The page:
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Keeping the emotion out of your finances

The most powerful tool we have for minimizing our spending is to remove emotion and raw impulse from the equation. So how do we do it?

Brendan McDermid/Reuters/File
Holiday shoppers walk along 5th Avenue in New York. According to Hamm, removing emotion from your spending decisions will improve your personal finance.

We are emotional people. We react to situations with a wide range of emotions: joy, fear, anger, mirth.

On the other hand, money is about as non-emotional as you can get. Money is simply a method of exchange between goods and services.

The problem that most of us run into when it comes to personal finance is that we inject emotion into their financial choices.

People spend money on things that make them feel good. When we want something, we’re feeling an emotional pull toward an item.

When we feel that emotional pull, we give the seller the upper hand. They have the power to set the price. We might shop around in some situations, but if it’s something like a house where there are limited options, we’re often carried along for the ride.

The most powerful tool we have for minimizing our spending is to remove emotion and raw impulse from the equation.

How can you do that? There are several techniques you can use, but they all boil down to a few things.

First, have some strict constraints on yourself when you put yourself in a spending situation. Have a list that you must strictly follow, for example.

When you’re shopping at the grocery store, do your shopping strictly from a list. If you see something else you really want, just remember it for later and think about adding it to your next list. I’m going to bet that waiting a week takes the edge off of that “want” and produces a grocery list without that unnecessary item.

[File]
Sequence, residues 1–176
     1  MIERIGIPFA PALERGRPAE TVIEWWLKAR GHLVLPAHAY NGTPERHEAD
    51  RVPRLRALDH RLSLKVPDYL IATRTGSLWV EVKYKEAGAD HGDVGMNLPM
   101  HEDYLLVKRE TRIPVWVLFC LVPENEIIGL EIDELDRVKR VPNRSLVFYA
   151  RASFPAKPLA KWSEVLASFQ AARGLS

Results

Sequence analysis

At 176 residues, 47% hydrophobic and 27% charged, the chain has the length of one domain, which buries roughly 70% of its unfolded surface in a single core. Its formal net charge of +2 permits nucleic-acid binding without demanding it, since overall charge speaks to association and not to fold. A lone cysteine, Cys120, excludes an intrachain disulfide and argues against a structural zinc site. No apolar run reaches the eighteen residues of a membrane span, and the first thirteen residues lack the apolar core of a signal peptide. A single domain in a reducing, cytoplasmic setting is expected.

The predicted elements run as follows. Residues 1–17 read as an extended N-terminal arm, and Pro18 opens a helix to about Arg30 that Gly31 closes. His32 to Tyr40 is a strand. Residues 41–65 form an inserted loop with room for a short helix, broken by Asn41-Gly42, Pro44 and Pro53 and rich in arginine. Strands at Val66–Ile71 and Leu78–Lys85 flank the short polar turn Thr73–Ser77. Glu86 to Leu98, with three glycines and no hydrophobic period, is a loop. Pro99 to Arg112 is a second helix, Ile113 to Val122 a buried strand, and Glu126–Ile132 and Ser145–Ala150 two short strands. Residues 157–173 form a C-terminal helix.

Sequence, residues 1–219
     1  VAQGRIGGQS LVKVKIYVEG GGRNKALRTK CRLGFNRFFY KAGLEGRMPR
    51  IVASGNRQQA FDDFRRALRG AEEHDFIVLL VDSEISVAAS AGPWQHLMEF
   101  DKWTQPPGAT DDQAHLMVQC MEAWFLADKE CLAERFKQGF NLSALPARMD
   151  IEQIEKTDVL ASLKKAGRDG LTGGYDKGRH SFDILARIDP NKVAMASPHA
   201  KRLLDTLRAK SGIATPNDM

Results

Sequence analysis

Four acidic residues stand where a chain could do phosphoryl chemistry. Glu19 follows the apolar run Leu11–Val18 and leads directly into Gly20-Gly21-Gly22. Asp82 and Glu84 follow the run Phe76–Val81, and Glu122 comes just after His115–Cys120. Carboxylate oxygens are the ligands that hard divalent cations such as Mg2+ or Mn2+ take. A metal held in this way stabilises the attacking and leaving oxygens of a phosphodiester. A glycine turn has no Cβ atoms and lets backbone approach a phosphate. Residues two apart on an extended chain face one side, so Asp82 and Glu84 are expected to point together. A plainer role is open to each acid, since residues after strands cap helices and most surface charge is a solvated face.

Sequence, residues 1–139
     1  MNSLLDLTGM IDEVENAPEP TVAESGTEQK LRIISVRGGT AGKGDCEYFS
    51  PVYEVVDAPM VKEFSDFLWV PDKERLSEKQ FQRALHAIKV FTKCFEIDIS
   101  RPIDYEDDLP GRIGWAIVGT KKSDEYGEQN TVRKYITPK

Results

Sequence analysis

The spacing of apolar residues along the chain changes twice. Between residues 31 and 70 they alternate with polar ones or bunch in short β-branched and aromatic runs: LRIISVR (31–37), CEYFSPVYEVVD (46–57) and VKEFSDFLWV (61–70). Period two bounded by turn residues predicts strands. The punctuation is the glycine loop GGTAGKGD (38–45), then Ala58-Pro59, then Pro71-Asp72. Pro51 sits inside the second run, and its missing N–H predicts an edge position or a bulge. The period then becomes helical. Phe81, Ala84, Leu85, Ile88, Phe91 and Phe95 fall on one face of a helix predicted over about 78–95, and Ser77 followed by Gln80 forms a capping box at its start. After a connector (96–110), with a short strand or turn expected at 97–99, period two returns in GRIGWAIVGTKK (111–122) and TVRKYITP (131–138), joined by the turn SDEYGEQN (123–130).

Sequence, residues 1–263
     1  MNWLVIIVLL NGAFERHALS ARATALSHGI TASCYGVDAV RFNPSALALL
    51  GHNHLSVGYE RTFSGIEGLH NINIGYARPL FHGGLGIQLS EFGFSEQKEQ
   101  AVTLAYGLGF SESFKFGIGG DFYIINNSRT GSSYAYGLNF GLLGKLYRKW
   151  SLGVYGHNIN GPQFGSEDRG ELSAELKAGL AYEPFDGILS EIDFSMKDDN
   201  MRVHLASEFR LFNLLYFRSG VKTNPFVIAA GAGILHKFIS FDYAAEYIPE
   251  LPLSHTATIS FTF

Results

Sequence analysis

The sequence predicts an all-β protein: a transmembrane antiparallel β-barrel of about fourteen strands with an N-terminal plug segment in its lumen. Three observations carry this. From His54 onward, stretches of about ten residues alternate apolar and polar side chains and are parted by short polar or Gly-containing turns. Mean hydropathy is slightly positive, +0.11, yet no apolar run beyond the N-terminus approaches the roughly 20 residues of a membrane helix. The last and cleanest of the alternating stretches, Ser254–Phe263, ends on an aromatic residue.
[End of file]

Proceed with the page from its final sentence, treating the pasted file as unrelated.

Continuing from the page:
When you’re shopping for a house, do the same thing. Make a list of features that you want, then check houses to see if they have those features. If it does, put in a reasonable offer and don’t negotiate. If they won’t play ball, look for another house.

Second, if you see your emotions flaring, focus exclusively on the task at hand. Don’t get distracted by those emotional elements.

When you’re paying your bills, for example, don’t get upset about the content of the bills. Pay them (assuming they’re correct), then remove yourself from the emotion and analyze the bills at a later time without the emotion involved. This might lead to a rational discussion with your spouse or a well-considered decision to drop a cell phone provider, but making decisions in the heat of the emotional moment is never a good idea.

Finally, when you want to spend spontaneously, put a cap on it before you ever step into such a situation.

If you want to go shopping with your friends, take along a certain amount of cash – an amount that you decide on before you ever walk out the door. Only take that amount. Don’t give yourself the chance to spend more. With that money in hand, however, you can spend freely because you’ve already decided rationally that it’s okay to spend that money.

Whenever you’re in a situation where you’re directly spending money (or about to do so), stick to some basic rules for that situation. If your emotions are telling you otherwise in that moment, tell your emotions to take a hike. If they won’t, step away from that decision and don’t spend any money.

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